Sound Waves Precisely Position Nanowires: The Future of Tiny Technology
(Photo : Tony Jun Huang/Penn State)
Technology is getting smaller and smaller. Televisions are becoming flatter, batteries becoming miniscule and devices are getting more and more upgrades. Yet the smaller components become, the more difficult it is to create patterns in an economical and reproducible way. Now, though, scientists have developed a new technique that involves using sound waves to place nanowires in repeatable patterns for potential use in a variety of nanoscale circuits.
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There are actually ways to create these devices with lithography, a type of printing. Yet it's extremely difficult to use this technique to create patterns that are smaller than 50 nanometers. In contrast, it's relatively simple to make metal nanomaterials using synthetic chemistry. With the new technique, scientists could transfer arrays of nanomaterials onto substrates that might not be compatible with conventional lithography.
In order to develop this new technique, scientists looked at the placement of metallic nanowires in solution on a piezoelectric substrate. Piezoelectric materials move when an electric voltage is applied to them and create an electric voltage when compressed. The researchers then applied an alternating current to the substrate so that the material's movement created a standing surface acoustic wave in the solution. This standing wave had node locations that do not move, so that the nanowires arrive at these nodes and then remain there.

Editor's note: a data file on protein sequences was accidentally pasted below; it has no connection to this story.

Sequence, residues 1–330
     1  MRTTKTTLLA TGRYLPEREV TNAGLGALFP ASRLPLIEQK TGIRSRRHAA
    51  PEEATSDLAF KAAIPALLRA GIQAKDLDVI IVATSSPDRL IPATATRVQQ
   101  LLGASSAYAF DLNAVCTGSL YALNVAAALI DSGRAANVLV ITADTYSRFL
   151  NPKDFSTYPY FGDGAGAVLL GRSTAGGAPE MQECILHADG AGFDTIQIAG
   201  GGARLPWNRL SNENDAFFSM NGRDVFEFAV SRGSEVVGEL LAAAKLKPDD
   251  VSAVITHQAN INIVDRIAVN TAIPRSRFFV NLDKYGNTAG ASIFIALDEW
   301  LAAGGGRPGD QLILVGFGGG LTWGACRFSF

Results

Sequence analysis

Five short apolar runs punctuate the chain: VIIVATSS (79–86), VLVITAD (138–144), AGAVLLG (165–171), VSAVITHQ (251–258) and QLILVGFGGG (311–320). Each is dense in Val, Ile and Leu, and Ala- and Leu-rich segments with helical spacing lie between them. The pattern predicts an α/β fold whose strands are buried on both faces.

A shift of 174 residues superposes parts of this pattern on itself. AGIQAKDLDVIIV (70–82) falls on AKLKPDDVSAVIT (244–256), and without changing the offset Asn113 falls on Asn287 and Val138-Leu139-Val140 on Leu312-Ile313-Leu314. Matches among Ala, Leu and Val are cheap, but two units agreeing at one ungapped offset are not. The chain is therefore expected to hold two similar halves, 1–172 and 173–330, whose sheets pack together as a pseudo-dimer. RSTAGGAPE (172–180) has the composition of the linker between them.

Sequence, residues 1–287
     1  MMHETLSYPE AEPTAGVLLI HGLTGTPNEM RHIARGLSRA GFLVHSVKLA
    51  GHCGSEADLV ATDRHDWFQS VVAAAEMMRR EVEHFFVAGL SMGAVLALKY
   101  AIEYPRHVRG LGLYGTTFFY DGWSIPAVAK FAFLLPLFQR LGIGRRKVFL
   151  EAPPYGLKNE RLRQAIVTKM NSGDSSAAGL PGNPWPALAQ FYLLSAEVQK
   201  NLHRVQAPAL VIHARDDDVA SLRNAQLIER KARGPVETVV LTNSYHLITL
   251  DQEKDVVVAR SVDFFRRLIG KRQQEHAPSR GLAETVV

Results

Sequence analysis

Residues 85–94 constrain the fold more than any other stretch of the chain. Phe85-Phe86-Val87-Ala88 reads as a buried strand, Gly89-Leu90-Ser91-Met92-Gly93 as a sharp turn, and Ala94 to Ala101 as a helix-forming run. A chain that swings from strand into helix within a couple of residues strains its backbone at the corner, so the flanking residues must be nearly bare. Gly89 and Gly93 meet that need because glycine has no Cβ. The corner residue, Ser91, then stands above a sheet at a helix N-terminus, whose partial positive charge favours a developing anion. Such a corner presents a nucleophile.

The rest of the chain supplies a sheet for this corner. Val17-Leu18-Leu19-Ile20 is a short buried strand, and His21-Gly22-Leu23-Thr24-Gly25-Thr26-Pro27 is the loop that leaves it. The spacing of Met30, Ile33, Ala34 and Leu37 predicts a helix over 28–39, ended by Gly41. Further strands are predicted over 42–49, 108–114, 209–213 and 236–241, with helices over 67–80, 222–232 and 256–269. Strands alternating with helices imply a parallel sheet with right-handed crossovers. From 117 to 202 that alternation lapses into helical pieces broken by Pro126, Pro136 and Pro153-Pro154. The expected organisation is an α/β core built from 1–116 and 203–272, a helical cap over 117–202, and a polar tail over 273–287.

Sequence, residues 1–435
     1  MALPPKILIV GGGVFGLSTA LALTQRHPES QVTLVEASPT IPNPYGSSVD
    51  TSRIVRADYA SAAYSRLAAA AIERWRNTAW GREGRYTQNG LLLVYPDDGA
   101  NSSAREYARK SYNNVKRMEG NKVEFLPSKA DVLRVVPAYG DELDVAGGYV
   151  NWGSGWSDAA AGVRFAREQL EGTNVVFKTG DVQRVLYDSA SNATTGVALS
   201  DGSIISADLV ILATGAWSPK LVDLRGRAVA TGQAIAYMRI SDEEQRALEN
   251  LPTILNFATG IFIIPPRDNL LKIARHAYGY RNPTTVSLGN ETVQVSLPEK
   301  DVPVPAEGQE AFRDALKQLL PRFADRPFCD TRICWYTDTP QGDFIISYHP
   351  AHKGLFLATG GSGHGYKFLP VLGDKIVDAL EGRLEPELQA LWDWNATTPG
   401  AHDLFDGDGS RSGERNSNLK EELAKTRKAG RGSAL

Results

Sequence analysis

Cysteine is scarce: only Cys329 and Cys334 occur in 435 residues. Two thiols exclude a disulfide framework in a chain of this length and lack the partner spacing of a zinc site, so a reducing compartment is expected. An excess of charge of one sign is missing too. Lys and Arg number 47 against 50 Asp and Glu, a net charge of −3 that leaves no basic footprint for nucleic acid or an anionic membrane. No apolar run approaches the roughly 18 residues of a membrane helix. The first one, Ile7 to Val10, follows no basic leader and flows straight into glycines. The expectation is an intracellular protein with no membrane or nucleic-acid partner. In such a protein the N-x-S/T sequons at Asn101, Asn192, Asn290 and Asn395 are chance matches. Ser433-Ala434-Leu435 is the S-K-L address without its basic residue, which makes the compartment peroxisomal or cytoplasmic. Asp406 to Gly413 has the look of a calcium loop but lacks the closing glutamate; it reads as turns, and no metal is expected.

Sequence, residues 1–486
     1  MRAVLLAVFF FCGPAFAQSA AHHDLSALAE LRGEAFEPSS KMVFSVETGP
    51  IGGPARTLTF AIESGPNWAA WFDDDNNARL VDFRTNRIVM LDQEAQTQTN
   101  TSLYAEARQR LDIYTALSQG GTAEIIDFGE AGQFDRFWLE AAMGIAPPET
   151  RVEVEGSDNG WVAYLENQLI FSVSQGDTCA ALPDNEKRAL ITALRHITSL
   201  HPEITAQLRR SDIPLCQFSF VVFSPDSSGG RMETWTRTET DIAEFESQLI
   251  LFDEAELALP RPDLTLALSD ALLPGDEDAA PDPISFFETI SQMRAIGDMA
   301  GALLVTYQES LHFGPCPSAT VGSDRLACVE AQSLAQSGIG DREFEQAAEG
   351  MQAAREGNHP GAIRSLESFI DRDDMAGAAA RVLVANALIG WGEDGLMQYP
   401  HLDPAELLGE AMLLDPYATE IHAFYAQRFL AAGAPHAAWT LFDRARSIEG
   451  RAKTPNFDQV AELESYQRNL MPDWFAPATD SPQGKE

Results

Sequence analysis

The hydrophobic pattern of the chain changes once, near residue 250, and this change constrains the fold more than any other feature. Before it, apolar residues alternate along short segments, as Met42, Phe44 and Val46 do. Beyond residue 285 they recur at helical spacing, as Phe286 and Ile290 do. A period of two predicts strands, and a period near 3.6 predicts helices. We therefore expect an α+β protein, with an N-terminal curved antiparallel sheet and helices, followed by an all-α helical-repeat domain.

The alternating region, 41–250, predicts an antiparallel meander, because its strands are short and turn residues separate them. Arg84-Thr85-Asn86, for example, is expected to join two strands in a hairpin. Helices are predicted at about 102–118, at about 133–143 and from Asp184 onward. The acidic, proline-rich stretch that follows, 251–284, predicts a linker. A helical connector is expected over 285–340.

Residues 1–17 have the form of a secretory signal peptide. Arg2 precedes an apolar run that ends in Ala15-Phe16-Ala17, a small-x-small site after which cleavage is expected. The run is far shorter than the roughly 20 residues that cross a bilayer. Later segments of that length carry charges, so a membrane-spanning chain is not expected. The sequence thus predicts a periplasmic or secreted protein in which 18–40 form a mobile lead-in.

The technique itself involves applying only one current, causing the nanowires to form a one-dimensional array with the nanowires lined up head to tail in parallel rows. If perpendicular currents are used, a two-dimensional grid of standing waves form and the nanowires move to those grid-point nodes to form a three-dimensional spark-like pattern. The nanowires in the solution will eventually settle in place onto the substrate when the solution evaporates, preserving the pattern.
"We really think our technique can be extremely powerful," said Tony Jun Huang, associate professor of engineering science and mechanics at Penn State, in a news release. "We can tune the pattern to the configuration we want and then transfer the nanowires using a polymer stamp."
The findings could allow scientists to save a lot of time when compared to lithography. In addition, the technique could be used to create a variety of sensors and optoelectronics.